We are less interested in the content per se of the issues debated than in the emotional and cognitive dynamic that underlies the arguments made. They can be identified in the texts and interviews around what we call modes of thinking which carry a combination of “paranoid”, “humanistic” and “utopian” features. Paranoid thinking involves language that simultaneously assuages and encourages violence, especially symbolic violence; it has the greatest potential for promoting cycles of mistrust and destructiveness (6). Humanistic thinking encourages a somewhat depoliticized vision based on commonalities among human beings and uses the language of empathy and forgiveness where emotions of guilt and shame play a central role. Utopian thinking refers to political or religious beliefs which are based on a visionary language of geo-political movements that can bridge gaps across national, religious, and social interests.

In this essay our concern is two-fold. We are concerned, first of all, with the aforementioned processes of de-linking whereby the affective dimensions relevant to the situation are not fully acknowledged in the political arguments made. A second concern that pervades this essay is that clichéd, political formulations, detached from specific historical contexts eventually spread to other situations with their own unassimilated fears and political agendas. The emotions stemming from both sources are likely to shape the expression of anger and self-hate, re-directing them toward selected scapegoats: in this case, Jewish communities and the Israeli State. For example, international organization and new forms of decentralized, grass roots social movements have created resistance against racism and globalization while tending to position themselves against the Israeli State and to equate racism with Zionism. Before discussing these modes of thinking, we will explore some of the issues pertaining to language, trauma, and the memories that frame them.

II- The Boycott of Israeli Academics and Intellectuals

I have been puzzled by the willingness of some academics (some friends of mine among them) to support the proposed ban of Israeli academics and equally puzzled by the backlash that it created (Alexander and Bogdanor, eds 2006). The original idea for a boycott to prevent British universities from collaborations with Israeli universities and research scholars started in England with the aim of applying political pressure to the Israeli State regarding the occupied territories. Later the proposed boycott was narrowed down: universities and academics that distanced themselves from official policies and publicly expressed their support for Palestinian political and social demands would not be penalized. The underlying logic was that unless Israeli universities and academics actively recanted or criticized the Israeli State, they were collaborating – a form of guilt by association – and should be subjected to the boycott.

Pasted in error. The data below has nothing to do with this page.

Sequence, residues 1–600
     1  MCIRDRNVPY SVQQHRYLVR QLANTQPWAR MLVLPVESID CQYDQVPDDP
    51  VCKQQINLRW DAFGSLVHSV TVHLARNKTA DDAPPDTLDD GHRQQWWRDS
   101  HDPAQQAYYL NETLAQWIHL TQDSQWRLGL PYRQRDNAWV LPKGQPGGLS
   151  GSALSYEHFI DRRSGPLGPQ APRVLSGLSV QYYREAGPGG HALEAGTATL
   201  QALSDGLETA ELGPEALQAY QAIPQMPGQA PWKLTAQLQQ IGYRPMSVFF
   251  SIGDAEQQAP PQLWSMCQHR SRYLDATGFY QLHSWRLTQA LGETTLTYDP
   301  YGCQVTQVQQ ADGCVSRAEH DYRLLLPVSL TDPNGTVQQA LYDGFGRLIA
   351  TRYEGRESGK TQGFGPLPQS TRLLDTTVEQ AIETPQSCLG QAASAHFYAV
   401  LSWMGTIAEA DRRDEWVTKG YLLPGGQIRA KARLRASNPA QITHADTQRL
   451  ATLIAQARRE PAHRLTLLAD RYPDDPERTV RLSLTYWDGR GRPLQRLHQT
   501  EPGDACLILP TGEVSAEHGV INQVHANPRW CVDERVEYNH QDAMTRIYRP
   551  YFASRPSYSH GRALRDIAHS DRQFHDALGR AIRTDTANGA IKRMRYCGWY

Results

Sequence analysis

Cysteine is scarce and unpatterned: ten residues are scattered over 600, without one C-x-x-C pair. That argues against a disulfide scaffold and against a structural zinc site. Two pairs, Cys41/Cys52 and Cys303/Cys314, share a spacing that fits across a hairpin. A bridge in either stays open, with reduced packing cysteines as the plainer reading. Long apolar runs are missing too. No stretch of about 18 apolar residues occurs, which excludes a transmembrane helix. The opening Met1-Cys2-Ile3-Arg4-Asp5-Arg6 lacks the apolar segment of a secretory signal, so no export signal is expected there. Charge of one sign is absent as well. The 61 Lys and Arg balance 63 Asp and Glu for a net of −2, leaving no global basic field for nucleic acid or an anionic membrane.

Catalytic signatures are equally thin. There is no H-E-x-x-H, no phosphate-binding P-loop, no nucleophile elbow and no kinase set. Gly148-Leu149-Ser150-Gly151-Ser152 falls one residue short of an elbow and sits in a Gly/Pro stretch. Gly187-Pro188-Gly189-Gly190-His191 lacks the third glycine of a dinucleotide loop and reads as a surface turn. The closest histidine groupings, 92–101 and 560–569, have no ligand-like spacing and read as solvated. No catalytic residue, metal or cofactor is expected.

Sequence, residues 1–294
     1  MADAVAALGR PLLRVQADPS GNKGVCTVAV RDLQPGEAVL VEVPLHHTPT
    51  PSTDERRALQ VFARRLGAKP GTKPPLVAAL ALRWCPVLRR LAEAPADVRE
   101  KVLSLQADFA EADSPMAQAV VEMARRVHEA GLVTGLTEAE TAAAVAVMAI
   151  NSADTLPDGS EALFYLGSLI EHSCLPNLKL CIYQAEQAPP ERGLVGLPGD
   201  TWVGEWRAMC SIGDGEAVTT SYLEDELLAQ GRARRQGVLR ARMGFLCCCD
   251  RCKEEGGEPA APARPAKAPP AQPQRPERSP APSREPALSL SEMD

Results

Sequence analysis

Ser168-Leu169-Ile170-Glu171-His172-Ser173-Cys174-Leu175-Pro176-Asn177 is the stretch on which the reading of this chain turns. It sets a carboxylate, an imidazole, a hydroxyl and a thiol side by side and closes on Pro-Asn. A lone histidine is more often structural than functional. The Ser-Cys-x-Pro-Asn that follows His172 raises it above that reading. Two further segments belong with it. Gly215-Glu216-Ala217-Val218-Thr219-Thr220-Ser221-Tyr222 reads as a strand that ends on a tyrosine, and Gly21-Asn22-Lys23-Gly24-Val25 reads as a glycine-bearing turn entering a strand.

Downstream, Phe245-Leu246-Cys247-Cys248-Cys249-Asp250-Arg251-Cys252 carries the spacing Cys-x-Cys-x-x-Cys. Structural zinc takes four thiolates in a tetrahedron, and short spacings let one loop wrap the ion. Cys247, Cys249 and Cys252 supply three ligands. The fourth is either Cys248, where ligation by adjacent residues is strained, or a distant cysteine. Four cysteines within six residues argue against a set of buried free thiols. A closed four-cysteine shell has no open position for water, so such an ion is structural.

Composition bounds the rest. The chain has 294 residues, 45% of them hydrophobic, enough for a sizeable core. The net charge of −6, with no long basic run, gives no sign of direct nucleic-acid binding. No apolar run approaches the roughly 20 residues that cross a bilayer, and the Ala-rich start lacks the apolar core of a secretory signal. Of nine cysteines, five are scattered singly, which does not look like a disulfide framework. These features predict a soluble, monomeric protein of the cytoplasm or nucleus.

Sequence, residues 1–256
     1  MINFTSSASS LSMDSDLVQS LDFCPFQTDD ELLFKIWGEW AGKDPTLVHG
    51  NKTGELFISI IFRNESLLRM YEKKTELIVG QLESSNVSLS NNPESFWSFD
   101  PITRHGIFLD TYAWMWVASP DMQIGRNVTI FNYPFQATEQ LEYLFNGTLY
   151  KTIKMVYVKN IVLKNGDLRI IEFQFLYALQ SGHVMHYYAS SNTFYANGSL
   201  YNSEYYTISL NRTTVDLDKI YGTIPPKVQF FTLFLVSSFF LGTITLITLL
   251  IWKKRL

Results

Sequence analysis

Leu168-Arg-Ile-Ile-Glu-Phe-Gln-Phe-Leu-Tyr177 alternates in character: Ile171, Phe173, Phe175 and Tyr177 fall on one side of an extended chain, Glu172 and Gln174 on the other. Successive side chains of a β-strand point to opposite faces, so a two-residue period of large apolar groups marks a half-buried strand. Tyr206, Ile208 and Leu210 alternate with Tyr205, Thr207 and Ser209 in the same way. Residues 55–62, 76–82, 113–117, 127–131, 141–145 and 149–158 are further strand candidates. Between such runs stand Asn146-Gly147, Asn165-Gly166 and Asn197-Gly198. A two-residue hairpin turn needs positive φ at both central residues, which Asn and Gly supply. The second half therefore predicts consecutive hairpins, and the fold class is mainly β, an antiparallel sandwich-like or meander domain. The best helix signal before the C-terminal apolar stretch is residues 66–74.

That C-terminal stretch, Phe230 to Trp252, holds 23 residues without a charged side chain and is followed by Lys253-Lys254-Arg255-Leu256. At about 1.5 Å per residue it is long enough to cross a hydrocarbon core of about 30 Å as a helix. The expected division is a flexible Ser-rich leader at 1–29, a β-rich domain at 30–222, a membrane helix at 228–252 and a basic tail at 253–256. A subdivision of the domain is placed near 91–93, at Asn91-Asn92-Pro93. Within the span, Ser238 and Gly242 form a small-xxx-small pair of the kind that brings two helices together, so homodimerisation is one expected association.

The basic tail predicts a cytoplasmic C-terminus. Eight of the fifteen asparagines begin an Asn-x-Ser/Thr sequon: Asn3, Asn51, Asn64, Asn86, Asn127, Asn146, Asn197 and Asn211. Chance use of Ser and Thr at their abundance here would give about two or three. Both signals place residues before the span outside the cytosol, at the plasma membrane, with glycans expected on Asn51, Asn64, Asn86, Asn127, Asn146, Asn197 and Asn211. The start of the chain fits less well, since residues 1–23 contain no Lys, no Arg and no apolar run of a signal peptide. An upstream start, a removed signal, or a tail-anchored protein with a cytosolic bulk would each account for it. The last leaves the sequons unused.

Israeli academics and intellectuals are more likely than any other group to seek change in Israeli civil society and push for a new political agenda. The recent report distributed by Peace Now on the appropriation of Arab lands by the Israeli State is a case in point (New York Times, Nov. 21 2006). Why, we ask, would academics in the US, Europe, and Israel support the boycott against Israeli academics and intellectuals who share a desire for change in the Middle East and are willing to challenge existing institutional and political controls? Why would the boycott be directed against soft targets such as academics, intellectuals, and researchers? One could argue that it makes sense to boycott Western corporations and businesses, or to demand that US political leadership put financial pressure on Israel to curtail the spread of settlements in the occupied territories and to remove existing ones. If the aim of the boycott was the withdrawal of Jewish settlements from the West Bank/Gaza, then economic sanctions that targeted settlers’ products would send a clear signal. So why are universities –the traditional, though limited sites for exchange of ideas and cooperation between Israeli Jews and Israeli Arabs – the target of attack rather than businesses or other public institutions? A psychodynamic interpretation would suggest the presence of a great deal of unresolved narcissistic rage around issues of identification and de-identification with the (m)Other and what it symbolizes.